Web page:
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Published On: Fri, Jul 5th, 2013

Benjamin Bratt talks ‘Despicable Me 2’ and replacing Al Pacino as Eduardo aka El Macho

 Benjamin Bratt was added to the cast of Despicable Me 2, replace Al Pacino and now, while promoting the film, talks about coming in late and replacing the icon.

” It was a really interesting set of circumstances that I happened upon when I first came into the picture.  As most of you know, Al Pacino was originally cast to voice both Eduardo and El Macho, and as such, he laid down his performance, which to my mind was brilliant, and the animators animated the character based on what he did.  After they mutually departed ways, and they needed to have an actor to come in and refine the soul of the character, I was met with these very strict parameters that I had to follow,” Bratt explained to Collider.

despicable-me-2-poster minion locker“One was a problem of math.  In terms of timing, I simply had to get the wording within that verbal parenthetical just to make the words fit into the mouth.  The second more challenging issue for me, of course, was to make it feel organic, like it came from an organic place.  Our initial approach was to replicate what Al Pacino did, but of course, we found that to be impossible.  It was a waste of two days trying to mimic essentially what he had done because no one can out-Al Pacino Al Pacino, and no one should dare try.  So I simply used what he did as an inspiration and as a guide for what I needed to do, which was to find something within me and my own personal recollections to bring to it.  Now mind you, that character, as you saw, is all over the map physically and a man of girth with little hair, and yet still full of life and zest and exuberance, and expansive in every imaginable way.  The challenge for me was to find that in myself and make it feel real.”

 The role may be larger than life as Bratt describes the experience.

“This is a completely different animal here, and so I’m inside a studio in a recording booth, and I’m being as large and as loud and as proud and as exuberant and as zestful as I can be, and I’m being told it ain’t enough.  (laughs)  And so, the challenge for me was to go beyond what I already understood my limits to be as a performer.  I don’t have that objective third eye, and yet Chris Renaud, one of the directors who was there — Pierre Coffin remained in France — and Chris Meledandri, the producer, they were there to be that third eye for me and the inspiration to push me beyond what I thought was possible.”

In the end, he sounds thankful and excited about the role.

“I will add that it was emancipating in a way I’d never experienced as a performer, not even on stage.  I mean, you can live out loud and proud on stage, too, and I’ve had the opportunities to do so over the course of years, but nothing like this, and to be able to play a dual role, someone who although clearly in the throes of middle age and with an expanding waistline and everything else still sees himself and comports himself as a man who is debonair and dashing and uber charming and light on his feet.  Like a lot of us middle-aged guys, he still thinks of himself as someone in his twenties.  He lives that way, and that’s appealing regardless of how he looks.  But then to jump from that into something with more menace, if you will, was not only challenging, but it was really exciting to do. ”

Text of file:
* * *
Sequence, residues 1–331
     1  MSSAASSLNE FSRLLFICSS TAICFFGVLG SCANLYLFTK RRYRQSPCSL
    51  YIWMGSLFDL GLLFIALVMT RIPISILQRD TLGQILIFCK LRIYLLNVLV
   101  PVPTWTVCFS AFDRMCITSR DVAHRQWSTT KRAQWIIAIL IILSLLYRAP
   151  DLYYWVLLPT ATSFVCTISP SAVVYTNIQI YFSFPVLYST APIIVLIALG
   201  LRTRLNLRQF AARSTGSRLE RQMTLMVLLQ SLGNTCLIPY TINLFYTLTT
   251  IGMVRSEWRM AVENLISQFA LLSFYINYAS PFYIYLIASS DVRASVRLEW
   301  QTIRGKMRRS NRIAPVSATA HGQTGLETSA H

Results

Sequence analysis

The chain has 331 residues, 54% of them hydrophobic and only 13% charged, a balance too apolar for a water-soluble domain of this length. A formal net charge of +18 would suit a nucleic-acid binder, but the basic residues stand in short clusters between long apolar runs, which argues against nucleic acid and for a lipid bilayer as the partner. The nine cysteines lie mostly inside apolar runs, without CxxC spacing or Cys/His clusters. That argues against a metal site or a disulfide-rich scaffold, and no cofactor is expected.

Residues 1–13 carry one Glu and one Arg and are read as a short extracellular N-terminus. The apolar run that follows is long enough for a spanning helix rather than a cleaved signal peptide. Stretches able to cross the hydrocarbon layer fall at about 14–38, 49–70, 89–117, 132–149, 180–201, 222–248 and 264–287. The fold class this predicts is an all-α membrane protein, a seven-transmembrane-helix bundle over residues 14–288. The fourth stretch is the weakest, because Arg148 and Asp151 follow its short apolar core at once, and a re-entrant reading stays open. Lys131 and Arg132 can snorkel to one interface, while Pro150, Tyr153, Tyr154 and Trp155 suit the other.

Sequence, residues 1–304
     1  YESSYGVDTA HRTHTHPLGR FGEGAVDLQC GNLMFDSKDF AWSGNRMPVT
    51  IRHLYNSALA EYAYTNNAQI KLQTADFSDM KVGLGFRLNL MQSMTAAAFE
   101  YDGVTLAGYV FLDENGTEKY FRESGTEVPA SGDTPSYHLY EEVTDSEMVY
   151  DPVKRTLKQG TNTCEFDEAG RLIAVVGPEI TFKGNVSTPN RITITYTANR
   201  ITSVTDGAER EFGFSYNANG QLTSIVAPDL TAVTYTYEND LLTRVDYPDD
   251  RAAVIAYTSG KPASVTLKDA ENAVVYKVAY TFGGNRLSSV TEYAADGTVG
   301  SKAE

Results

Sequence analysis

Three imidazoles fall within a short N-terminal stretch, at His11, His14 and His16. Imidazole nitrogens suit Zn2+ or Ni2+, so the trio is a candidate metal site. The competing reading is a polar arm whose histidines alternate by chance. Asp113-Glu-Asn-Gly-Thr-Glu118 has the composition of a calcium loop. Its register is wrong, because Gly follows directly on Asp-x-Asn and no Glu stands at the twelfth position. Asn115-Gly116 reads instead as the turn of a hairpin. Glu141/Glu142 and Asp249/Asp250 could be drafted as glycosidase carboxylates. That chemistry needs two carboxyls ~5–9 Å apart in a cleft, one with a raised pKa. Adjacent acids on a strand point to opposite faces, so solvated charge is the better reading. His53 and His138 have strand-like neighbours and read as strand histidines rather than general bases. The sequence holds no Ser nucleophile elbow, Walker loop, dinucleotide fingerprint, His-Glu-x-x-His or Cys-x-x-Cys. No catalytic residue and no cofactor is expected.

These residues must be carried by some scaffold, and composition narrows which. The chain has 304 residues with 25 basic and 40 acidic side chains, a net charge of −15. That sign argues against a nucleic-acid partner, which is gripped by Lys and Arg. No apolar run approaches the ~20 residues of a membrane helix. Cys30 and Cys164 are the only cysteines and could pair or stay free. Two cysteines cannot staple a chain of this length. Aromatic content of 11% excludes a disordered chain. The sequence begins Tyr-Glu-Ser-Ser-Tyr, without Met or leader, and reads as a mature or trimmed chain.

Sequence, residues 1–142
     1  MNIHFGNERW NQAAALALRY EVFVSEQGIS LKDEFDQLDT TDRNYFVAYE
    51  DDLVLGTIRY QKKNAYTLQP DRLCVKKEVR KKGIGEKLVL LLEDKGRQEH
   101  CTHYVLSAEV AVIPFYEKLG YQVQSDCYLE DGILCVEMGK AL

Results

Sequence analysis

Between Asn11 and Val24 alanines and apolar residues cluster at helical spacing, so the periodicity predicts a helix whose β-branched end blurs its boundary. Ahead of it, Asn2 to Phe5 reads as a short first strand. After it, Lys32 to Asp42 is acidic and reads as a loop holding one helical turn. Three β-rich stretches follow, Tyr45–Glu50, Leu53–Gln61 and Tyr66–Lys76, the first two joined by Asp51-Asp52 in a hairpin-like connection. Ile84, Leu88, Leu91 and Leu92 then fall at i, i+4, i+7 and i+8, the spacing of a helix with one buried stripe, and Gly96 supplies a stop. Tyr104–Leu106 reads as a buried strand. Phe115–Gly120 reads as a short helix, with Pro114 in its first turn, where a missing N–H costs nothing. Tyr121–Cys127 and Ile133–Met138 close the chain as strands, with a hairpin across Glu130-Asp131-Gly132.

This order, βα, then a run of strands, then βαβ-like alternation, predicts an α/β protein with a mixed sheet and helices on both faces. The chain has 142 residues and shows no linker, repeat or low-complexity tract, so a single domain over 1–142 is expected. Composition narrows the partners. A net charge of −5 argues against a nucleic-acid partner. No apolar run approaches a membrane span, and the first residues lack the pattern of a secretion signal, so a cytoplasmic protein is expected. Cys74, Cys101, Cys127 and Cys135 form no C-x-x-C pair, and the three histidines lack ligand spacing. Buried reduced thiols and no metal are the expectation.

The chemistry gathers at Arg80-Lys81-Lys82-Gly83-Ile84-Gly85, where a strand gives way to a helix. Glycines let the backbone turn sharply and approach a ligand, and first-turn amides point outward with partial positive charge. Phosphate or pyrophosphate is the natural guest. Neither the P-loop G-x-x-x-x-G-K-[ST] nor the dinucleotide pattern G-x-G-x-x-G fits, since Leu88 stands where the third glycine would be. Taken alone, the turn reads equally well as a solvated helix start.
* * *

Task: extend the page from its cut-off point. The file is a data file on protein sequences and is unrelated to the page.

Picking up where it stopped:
Check out the full interview here

Bratt also has another role in an animation film: Cloudy with a Chance of Meatballs 2, that’s coming out this fall.

 

 

http://collider.com/benjamin-bratt-despicable-me-2-interview/

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About the Author

- Stephen is a contributor and writer on The Dispatch. Stephen is the founder and editor for the Steven Spielberg Fan Club website and contributes to pop culture stories on The Dispatch, especially upcoming movie news. Beginning in 2016, Stephen took the role of Managing Editor for the Tampa Dispatch.

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  1. Why does it matter if a game is British? | Mock says:

    […] Benjamin Bratt talks 'Despicable Me 2′… As most of you know, Al Pacino was originally cast to voice both Eduardo and El Macho, and as such, he laid down his performance, which to my mind was brilliant, and the animators animated the character based on what he did. After they mutually … Read more on The Global Dispatch […]

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